The final sample sizes for 2003 and 2009 were 1212 and 968, respectively. Between 2003 and 2009, there were increases in the proportion of participants who strongly agreed with implementing SIFs to: reduce neighbourhood problems (0.309 versus 0.556, respectively); increase contact of people who use drugs with health and social workers (0.257 versus .479, respectively); reduce overdose deaths or infectious disease among people who use drugs (0.269 versus 0.482, respectively); and encourage safer drug injection (0.213 versus 0.310, respectively). Analyses using a composite measure of agreement across goals showed 0.776 of participants had mixed opinions about SIFs in 2003, compared with only 0.616 in 2009. There was little change among those who strongly disagreed with all SIF goals (0.091 versus 0.113 in 2003 and 2009, respectively).
Support for implementation of supervised injection facilities in Ontario, Canada increased between 2003 and 2009, but at both time points a majority still held mixed opinions.
[Show abstract][Hide abstract] ABSTRACT: Crack use is prevalent among street drug users in Brazilian cities, yet despite recent help system reforms and investments, treatment utilization is low. Other studies have identified a variety of - often inconsistent - factors associated with treatment status among crack or other drug users. This study compared socio-economic, drug use, health and service use characteristics between samples of young adult crack users in- and out-of-treatment in Rio de Janeiro, Brazil.
Street-involved crack users (n = 81) were recruited by community-based methods, and privately assessed by way of an anonymous interviewer-administered questionnaire as well as biological methods, following informed consent. In-treatment users (n = 30) were recruited from a public service in-patient treatment facility and assessed based on the same protocol. Key indicators of interest were statistically cross-compared. Not-in-treatment users were less likely to: be white, educated, stably housed, to be involved in drug dealing, to report lifetime marijuana and current alcohol use, to report low mental health status and general health or addiction/mental health care; they were more likely to: be involved in begging and utilize social services, compared to the in-treatment sample (statistical significance for differences set at p < .05).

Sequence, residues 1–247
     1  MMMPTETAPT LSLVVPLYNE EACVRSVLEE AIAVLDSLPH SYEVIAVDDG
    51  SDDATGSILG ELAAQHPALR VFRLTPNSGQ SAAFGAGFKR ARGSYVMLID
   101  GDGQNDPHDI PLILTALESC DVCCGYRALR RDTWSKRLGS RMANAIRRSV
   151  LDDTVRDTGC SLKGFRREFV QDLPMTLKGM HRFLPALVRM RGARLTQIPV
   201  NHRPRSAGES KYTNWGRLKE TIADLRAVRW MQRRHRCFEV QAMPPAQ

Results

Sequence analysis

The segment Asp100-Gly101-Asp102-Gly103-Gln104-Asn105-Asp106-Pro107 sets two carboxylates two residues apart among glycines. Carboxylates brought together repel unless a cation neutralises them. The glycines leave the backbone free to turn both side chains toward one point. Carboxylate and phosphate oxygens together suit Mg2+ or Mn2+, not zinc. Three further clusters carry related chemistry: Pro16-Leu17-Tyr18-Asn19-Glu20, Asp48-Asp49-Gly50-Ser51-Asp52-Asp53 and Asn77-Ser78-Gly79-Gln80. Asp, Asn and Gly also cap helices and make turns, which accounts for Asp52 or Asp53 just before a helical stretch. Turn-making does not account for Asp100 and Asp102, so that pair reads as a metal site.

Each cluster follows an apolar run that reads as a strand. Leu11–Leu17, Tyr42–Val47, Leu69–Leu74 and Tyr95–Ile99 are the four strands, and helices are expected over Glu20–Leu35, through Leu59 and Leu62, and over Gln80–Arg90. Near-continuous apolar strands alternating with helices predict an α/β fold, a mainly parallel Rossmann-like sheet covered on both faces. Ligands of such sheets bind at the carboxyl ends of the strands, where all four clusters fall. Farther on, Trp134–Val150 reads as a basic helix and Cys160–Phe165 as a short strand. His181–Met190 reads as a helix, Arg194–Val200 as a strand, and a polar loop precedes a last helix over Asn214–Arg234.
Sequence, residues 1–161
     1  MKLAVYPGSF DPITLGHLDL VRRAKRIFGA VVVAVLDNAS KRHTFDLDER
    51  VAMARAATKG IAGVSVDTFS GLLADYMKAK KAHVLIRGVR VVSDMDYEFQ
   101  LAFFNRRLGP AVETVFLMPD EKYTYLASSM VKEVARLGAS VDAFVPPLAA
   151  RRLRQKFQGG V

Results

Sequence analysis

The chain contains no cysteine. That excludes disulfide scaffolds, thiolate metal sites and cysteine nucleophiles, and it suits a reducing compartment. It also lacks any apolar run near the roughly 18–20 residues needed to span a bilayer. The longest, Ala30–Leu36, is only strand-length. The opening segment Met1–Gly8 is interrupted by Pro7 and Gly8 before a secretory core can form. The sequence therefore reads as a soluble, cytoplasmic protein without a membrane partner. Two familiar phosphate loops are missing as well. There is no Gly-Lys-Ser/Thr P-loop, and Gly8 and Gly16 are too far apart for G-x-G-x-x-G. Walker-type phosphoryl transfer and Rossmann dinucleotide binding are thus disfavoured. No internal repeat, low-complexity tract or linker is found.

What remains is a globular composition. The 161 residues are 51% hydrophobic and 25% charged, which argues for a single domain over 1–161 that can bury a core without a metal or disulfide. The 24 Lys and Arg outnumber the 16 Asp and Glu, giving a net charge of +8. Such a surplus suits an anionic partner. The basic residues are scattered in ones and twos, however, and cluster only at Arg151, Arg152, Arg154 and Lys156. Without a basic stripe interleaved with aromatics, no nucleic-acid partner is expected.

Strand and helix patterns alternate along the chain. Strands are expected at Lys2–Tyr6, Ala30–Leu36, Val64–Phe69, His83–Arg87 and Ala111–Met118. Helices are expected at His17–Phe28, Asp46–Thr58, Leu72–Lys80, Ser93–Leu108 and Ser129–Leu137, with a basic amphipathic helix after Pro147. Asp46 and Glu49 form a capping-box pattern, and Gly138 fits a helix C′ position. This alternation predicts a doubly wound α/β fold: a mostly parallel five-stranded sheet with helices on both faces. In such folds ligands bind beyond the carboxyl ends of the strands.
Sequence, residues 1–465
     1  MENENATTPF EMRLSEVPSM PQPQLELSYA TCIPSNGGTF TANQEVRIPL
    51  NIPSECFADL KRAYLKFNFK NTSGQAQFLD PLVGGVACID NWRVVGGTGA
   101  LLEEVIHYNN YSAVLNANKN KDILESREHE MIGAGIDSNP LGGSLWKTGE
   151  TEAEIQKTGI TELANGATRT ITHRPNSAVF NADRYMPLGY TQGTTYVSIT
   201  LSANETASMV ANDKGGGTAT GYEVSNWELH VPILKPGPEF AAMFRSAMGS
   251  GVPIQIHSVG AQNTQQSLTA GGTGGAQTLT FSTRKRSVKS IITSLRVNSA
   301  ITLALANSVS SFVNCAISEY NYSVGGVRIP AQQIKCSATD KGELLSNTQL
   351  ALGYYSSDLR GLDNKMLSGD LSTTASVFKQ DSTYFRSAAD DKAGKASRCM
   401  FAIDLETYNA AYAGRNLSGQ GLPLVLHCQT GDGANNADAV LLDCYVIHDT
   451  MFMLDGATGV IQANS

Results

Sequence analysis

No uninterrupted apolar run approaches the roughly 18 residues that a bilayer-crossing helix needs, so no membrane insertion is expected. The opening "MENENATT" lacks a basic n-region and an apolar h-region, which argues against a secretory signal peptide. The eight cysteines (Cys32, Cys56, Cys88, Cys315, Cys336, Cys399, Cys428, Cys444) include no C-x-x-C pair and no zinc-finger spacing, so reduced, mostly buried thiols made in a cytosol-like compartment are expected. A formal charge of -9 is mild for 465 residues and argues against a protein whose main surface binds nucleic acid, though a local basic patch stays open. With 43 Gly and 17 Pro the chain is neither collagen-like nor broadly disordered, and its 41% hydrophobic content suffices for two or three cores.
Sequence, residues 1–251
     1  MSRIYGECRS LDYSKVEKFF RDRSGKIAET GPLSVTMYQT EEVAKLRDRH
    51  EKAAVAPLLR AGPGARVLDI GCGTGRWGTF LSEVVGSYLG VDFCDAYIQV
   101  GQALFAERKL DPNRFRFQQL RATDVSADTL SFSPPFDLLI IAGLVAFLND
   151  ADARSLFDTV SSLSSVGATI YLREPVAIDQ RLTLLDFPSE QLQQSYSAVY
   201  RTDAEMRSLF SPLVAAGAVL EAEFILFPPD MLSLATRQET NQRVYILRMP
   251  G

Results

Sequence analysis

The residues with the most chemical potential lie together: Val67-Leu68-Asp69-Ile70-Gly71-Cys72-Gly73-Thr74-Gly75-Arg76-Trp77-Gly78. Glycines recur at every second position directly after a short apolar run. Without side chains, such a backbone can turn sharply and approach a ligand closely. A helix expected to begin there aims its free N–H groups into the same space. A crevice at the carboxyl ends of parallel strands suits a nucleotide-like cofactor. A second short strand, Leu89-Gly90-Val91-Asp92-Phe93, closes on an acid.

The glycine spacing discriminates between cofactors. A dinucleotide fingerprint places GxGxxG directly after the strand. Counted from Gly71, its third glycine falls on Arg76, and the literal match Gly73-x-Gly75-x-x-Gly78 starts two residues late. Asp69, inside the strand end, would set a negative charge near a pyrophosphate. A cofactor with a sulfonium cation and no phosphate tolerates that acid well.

In-treatment and not-in-treatment crack users differed on several key characteristics. Overall, in-treatment users appeared to be more socio-economically integrated and connected to the health system, yet not acutely needier in terms of health or drug problems. Given overall low treatment utilization but high need, efforts are required to facilitate improved treatment access for marginalized crack users in Brazil.
[Show abstract][Hide abstract] ABSTRACT: Five years ago, we highlighted Canada's emerging problem of prescription opioid (PO)-related harms and emphasized the need for targeted surveillance, research and interventions. Overall levels of PO use in the Canadian population have grown by 70% since then, while at the same time levels of non-medical PO use (NMPOU) in general and in key risk populations have continued to be high; furthermore, PO-related harms - specifically morbidity (e.g., treatment admissions) and mortality (e.g., overdose deaths) - have risen substantively. Unfortunately, major knowledge gaps related to systematic monitoring of PO-related harms continue to exist; for example, no national morbidity or mortality statistics are available. Investigator-driven research has generated important insights into the epidemiology and impacts of PO-related harms: high correlations between population-level PO dispensing and/or PO dosing and harms; high rates of co-occurrence of NMPOU and co-morbidities; and distinct NMPOU-related risk dynamics among street drug users. Select policy measures have been implemented only recently at the federal and provincial levels; these interventions remain to be systematically evaluated, especially given preliminary indications of reductions in PO-related harms (e.g., NMPOU) unfolding prior to the interventions. For these purposes, improvements in surveillance tools and research resources devoted to the extensive public health problem of PO-related harms in Canada continue to be urgently needed.
[Show abstract][Hide abstract] ABSTRACT: Crack use is prevalent across the Americas, and specifically among marginalized urban street drug users in Brazil. Crack users commonly feature multiple physical and mental health problems, while low rates of and distinct barriers to help service use have been observed in these populations. This study examined profiles and determinants of social and health service utilization, and unmet service needs, in a bi-city sample of young (18-24 years), marginalized crack users in Brazil.
N = 160 study participants were recruited by community-based methods from impoverished neighborhoods in the cities of Rio de Janeiro (n = 81) and Salvador (n = 79). A mixed methods protocol was used. Participants' drug use, health, and social and health service utilization were assessed by an anonymous interviewer-administered questionnaire completed in a community setting; descriptive statistics on variables of interest were computed. Service needs and barriers were further assessed by way of several focus groups with the study population; narrative data were qualitatively analyzed. The study protocol was approved by institutional ethics review boards; data were collected between November 2010 and June 2011.